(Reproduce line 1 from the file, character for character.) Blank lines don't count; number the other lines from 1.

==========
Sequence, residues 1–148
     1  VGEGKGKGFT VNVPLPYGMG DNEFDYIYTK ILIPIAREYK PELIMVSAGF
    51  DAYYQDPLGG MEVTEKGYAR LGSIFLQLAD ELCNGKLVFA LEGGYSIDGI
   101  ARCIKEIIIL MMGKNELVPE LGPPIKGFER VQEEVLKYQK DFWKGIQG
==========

Sequence, residues 1–148